[Major Benjamin] Shalit was born in Haifa. In 1958, while studying in Scotland, he married a Scots woman whose father came from a Zionist family and whose mother was French "of a family known to have no religious affiliation." Upon completing his studies, Shalit returned to Israel with his wife and enlisted in the Israel Defense Force. Two children were born to them in Israel, and the question arose regarding their registration. In accordance with the provisions of the Registration of Population Ordinance of 1949, the Ministry of the Interior registered both "religion" and "nationality." ["Nationality" and "citizenship" are separate concepts under Israeli law; a Jewish citizen of Israel is both an Israeli citizen and a person of Jewish nationality - HH] There was no dispute about Shalit's boys not being of the Jewish religion. The question was whether to accept their demand to be registered as Jews by nationality. The Ministry adopted the position that religion and nationality of Jews cannot be separated and that both followed those of their mother, who in this case was not Jewish nor had she been converted according to Jewish law.

The case reached the Israeli Supreme Court, where it was decided by an unprecedented nine-judge panel (a precedent which has since been equaled in the Shin Bet interrogation methods case and surpassed by the 11-judge panel that decided the legal status of non-Orthodox conversions). By a narrow 5-4 majority, the court held:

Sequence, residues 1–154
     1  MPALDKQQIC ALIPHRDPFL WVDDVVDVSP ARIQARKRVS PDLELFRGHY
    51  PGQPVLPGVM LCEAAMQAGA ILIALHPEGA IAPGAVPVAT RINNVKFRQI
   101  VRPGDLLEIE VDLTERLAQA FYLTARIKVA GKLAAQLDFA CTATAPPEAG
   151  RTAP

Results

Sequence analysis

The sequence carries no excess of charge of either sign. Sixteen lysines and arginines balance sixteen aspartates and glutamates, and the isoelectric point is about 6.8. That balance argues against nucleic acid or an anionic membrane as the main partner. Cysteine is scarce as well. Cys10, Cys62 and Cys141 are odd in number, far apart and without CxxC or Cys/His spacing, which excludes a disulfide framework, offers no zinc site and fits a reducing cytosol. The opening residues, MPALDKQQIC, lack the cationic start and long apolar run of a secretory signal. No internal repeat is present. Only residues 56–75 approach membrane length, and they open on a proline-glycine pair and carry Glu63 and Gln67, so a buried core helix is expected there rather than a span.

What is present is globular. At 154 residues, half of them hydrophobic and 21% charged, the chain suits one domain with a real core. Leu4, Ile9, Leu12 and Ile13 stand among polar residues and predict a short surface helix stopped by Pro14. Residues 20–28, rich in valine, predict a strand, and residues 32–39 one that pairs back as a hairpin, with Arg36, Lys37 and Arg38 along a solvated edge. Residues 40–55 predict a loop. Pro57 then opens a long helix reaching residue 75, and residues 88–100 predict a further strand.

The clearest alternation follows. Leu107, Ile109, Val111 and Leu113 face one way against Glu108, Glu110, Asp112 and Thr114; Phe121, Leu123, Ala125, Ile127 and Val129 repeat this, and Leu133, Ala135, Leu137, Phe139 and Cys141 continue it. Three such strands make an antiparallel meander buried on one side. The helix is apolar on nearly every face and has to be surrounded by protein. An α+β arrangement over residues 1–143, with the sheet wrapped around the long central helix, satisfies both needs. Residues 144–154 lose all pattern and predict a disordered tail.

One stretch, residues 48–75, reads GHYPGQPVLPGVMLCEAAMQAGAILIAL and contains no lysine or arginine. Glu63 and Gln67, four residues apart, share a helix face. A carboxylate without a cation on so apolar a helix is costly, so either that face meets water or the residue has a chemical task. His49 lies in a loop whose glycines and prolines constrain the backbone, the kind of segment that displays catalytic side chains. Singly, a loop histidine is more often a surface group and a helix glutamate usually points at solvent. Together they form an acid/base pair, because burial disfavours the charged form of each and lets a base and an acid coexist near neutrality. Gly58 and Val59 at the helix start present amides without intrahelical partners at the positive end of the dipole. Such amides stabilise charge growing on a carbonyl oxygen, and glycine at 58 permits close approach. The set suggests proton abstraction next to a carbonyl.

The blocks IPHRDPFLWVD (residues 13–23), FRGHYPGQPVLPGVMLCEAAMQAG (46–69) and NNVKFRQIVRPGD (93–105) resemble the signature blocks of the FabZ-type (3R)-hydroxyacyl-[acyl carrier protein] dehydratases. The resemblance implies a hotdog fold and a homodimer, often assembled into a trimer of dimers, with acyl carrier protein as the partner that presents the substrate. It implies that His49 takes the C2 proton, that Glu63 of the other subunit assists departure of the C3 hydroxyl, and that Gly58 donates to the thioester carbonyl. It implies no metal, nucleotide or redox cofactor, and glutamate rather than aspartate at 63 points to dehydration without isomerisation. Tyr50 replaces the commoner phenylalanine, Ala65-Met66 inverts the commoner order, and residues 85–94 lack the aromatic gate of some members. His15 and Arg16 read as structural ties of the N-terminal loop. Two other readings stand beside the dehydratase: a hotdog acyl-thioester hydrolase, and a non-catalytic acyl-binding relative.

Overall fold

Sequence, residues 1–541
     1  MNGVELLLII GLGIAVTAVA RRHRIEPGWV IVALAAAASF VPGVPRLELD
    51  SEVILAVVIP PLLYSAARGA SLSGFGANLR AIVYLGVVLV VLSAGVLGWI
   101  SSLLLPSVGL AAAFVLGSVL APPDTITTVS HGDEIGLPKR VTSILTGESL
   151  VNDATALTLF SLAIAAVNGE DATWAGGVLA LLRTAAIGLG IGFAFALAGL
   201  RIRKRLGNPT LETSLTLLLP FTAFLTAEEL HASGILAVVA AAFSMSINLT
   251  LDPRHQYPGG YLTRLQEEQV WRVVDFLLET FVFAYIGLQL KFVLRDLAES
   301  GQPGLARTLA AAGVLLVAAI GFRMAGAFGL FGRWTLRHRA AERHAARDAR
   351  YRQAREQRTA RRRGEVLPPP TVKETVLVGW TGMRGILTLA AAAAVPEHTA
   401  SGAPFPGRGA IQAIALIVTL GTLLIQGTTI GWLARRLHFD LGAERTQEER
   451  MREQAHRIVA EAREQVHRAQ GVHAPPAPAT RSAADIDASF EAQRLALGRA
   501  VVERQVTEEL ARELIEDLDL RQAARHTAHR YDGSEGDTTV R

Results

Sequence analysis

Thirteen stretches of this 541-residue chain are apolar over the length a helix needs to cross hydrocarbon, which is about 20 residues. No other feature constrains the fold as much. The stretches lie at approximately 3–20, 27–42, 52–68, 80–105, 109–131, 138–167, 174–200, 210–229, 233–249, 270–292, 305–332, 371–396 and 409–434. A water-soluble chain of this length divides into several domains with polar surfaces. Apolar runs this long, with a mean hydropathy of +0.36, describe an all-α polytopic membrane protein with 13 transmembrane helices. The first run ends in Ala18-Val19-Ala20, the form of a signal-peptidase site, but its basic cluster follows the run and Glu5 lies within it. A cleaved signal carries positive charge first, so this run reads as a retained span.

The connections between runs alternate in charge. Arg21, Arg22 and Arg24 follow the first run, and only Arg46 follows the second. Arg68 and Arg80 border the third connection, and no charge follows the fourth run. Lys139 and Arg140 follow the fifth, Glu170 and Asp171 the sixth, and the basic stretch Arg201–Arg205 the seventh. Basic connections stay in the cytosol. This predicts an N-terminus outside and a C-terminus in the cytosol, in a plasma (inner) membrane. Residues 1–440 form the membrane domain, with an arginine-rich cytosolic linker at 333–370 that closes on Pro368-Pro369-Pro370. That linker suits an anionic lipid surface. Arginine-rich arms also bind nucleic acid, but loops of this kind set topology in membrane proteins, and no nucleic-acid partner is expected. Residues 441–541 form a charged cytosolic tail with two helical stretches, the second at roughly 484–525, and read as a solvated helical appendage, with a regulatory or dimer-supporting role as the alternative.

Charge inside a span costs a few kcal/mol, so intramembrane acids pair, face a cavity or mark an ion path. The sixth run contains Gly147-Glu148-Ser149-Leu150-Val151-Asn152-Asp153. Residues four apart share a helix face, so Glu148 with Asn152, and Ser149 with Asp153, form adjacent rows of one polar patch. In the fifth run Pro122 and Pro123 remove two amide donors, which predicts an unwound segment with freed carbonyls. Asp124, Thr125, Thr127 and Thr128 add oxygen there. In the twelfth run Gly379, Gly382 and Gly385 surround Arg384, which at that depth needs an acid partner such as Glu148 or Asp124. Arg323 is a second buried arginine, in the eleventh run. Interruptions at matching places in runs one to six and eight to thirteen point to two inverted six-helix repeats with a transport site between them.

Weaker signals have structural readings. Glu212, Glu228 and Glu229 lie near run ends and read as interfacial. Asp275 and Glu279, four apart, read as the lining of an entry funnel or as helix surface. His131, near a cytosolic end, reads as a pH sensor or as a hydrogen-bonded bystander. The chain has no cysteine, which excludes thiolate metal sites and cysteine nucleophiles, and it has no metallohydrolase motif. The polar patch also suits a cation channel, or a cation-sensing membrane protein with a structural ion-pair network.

...the Registrar must record under the item "nationality" whatever the citizen tells him, as long as it is told in good faith and is not patently false. Accordingly, the children of a Jewish father and non-Jewish mother, who grow up in Israel and are loyal to the State, can be registered under nationality as "Jews," even though the halakhah does not recognize them as such.

Friedmann records that the decision set off "a public and political storm," as a result of which the Registration of Population Law was amended to conform the definition of Jewish "nationality" with the halachic definition of Judaism. At the same time, however, the Law of Return was amended to permit the immigration of non-Jewish spouses of Jews (or of children or grandchildren of Jews who otherwise qualify under the Law of Return). Thus, while non-Jewish partners in mixed marriages, and sometimes their children, could no longer register their "nationality" as Jewish, they were explicitly granted the right to immigrate to Israel and become citizens.

As Friedmann relates, "Major Shalit's wife was able to join the nation of Israel, as was Ruth the Moabite, by marrying one of its members." The Knesset, however, reacted to Mrs. Shalit's induction into the Jewish "nation" by precluding future Ruths from following in her footsteps, and the question still remains - is membership in the Jewish religion a requirement for membership in the Jewish nation, and should it be a requirement?